5 Corporate Video Interview Questions to Make Your Video Pop

If you’re reading a blog post about corporate video interview questions, you’re finally making that long-sought corporate video for your company. Congratulations! It has the potential to be inspiring, authentic, and effective. You’ll have an repeatable way to introduce prospects to your company and its amazing leadership.

Maybe most miraculously, you’ve scheduled a sit-down interview with your CEO or some other busy person, and you’ll be the one asking the questions. But the interview time is rapidly approaching, and you have no idea what you’re going to ask!

Don’t worry. Use (your own versions of) the questions here, and your interview will be productive and fun.

5 Powerful Corporate Video Interview Questions

Interview Question #1

How did your style of thinking lead you to [company name]?

People may or may not enjoy talking about companies, but if one thing is certain, it’s that most people love talking about themselves. When you need an explanation for what the company does, tie your question into the interviewee’s personal journey. You’ll get the information you need, and they’ll have a blast answering it.


Ask questions they'll enjoy answering. Most executives have a sense of pride in their company and its mission. Play to that pride by setting them up to explain it in a way that they're proud of. Instead of interrogating them about what the the company does, show them that you yourself are stoked on the company, and that you want to hear about it from the source.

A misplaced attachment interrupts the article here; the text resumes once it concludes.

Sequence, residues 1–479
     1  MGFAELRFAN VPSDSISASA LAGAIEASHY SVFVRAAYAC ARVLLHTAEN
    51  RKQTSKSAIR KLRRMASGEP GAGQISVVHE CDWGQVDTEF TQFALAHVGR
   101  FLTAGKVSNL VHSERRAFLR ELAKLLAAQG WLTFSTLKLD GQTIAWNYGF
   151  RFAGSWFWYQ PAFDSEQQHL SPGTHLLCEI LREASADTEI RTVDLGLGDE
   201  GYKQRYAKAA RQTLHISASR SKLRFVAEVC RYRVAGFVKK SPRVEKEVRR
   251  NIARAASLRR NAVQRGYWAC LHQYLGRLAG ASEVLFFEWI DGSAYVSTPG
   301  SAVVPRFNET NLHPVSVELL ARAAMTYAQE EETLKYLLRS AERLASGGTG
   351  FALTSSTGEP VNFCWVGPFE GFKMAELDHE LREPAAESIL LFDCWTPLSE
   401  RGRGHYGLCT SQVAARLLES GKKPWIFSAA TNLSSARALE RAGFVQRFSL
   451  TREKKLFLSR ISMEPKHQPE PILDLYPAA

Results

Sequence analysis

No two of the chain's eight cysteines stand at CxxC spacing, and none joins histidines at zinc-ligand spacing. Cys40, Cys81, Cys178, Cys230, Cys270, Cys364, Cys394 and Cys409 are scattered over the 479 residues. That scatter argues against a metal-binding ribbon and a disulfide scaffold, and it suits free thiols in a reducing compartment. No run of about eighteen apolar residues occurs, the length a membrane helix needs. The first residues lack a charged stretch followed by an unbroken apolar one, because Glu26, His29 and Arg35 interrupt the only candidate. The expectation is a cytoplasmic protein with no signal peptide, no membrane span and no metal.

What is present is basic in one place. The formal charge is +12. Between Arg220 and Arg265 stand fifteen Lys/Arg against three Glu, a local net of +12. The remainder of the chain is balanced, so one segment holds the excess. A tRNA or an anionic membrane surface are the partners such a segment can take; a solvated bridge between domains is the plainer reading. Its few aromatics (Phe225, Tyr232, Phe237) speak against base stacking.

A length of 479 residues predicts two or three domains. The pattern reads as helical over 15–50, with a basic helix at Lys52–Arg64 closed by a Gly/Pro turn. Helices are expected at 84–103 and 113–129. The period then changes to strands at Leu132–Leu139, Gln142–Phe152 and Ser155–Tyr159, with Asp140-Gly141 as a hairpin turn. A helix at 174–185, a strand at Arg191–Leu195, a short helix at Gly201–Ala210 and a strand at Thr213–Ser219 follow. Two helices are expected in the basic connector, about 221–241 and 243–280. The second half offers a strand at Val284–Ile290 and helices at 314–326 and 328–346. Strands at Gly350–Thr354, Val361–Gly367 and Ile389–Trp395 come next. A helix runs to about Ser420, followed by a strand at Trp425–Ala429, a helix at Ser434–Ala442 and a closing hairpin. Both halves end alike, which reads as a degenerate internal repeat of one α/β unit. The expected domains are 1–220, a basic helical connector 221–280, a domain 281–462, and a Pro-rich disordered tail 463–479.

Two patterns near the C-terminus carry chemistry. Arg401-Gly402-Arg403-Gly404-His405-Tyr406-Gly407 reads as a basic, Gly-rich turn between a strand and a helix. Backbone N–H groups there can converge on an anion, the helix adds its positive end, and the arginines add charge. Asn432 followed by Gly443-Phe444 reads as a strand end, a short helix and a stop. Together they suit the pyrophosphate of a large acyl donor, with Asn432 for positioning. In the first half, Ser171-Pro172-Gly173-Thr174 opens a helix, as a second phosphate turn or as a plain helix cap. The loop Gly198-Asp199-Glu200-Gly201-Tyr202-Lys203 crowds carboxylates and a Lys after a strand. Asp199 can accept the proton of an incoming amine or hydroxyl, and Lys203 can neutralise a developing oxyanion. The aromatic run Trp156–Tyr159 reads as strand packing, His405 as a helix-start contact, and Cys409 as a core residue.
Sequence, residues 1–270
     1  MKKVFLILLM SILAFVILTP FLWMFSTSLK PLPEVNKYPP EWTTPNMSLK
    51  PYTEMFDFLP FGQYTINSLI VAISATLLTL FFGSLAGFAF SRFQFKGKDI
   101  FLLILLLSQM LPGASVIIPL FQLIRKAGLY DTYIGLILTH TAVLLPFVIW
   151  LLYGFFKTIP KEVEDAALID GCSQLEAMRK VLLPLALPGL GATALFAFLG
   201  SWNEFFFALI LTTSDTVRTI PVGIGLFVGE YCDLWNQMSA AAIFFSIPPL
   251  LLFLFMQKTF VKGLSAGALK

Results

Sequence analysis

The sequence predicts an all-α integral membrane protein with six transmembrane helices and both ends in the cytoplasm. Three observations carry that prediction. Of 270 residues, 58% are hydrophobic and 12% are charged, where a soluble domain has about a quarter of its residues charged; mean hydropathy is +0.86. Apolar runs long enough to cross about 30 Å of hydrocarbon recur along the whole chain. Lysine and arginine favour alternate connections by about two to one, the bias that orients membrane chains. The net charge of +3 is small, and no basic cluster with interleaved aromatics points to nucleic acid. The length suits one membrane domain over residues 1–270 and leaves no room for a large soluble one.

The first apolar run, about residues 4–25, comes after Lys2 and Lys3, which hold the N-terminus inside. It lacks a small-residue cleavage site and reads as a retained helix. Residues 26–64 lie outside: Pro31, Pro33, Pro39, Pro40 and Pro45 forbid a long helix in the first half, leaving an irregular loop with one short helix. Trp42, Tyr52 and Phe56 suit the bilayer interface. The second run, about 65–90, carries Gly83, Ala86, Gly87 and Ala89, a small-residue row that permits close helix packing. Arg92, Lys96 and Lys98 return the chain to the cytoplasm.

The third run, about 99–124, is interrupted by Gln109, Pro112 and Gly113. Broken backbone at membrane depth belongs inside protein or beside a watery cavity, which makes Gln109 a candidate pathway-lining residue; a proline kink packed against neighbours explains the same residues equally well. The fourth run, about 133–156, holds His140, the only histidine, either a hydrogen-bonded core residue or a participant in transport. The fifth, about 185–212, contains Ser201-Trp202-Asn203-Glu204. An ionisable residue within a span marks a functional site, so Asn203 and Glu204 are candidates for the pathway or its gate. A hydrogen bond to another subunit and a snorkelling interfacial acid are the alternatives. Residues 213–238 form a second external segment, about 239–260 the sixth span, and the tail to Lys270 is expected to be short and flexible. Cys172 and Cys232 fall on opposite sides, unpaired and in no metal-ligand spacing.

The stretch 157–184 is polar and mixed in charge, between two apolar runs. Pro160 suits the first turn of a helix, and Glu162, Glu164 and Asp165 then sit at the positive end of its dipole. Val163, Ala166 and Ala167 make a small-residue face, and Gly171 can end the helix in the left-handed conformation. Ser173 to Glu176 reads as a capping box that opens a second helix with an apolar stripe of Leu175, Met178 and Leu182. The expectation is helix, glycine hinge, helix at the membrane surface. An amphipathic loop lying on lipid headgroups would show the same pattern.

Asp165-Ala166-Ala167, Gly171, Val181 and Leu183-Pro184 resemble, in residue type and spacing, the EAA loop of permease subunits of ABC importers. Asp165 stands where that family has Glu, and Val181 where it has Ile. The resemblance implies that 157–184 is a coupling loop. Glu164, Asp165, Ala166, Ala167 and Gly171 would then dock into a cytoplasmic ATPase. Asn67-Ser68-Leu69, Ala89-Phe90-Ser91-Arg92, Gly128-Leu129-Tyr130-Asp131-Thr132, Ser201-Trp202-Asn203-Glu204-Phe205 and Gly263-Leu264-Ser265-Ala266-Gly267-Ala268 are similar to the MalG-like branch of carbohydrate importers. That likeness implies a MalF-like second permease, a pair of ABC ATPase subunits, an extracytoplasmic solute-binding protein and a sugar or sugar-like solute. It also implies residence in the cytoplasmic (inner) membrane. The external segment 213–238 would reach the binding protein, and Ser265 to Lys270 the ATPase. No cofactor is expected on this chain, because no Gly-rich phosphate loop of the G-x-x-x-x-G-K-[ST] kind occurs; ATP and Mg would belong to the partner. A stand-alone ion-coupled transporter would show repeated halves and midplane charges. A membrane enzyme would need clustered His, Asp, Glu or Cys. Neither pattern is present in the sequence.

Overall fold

I even use this in social situations. All my friends have particular viewpoints and philosophies they love describing, so when we're in groups, I ask them about it in front of everyone. It enlivens the conversation and makes them feel amazing. 

Interview Question #2

I love the concept of [company slogan or tagline]! It seems like you’re making a big difference in the lives of [client category]. Why is that important?

Business leaders devote a lot of time to their company and its goals. Unless they’re sociopaths, they need it to feed into their sense of purpose in life. They need it to be important. So make it important. Make yourself an interested party. Prove you care. If your interviewee believes you care, she’ll feel comfortable sharing her enthusiasm with you.


Use open-ended questions. Yes/no questions and questions that have a limited number of possible responses will not engage your interviewee in natural conversation. They'll lead to awkward moments during which both of you start to secretly question whether this video was a good idea. 

Questions that start with:

How many...
How much...

are likely to stall the interview. Such questions probe for raw information while stifling emotional engagement. Yes, your interviewee may voluntarily elaborate and go beyond simple one-word answers, but why count on that? Make it easy on her, and try questions that start with:

How do you feel about...
Tell me about...

While you're planning your corporate video interview questions, you can make things easier on yourself later by avoiding closed-ended questions.

Interview Question #3

What’s personally satisfying about the work you do here?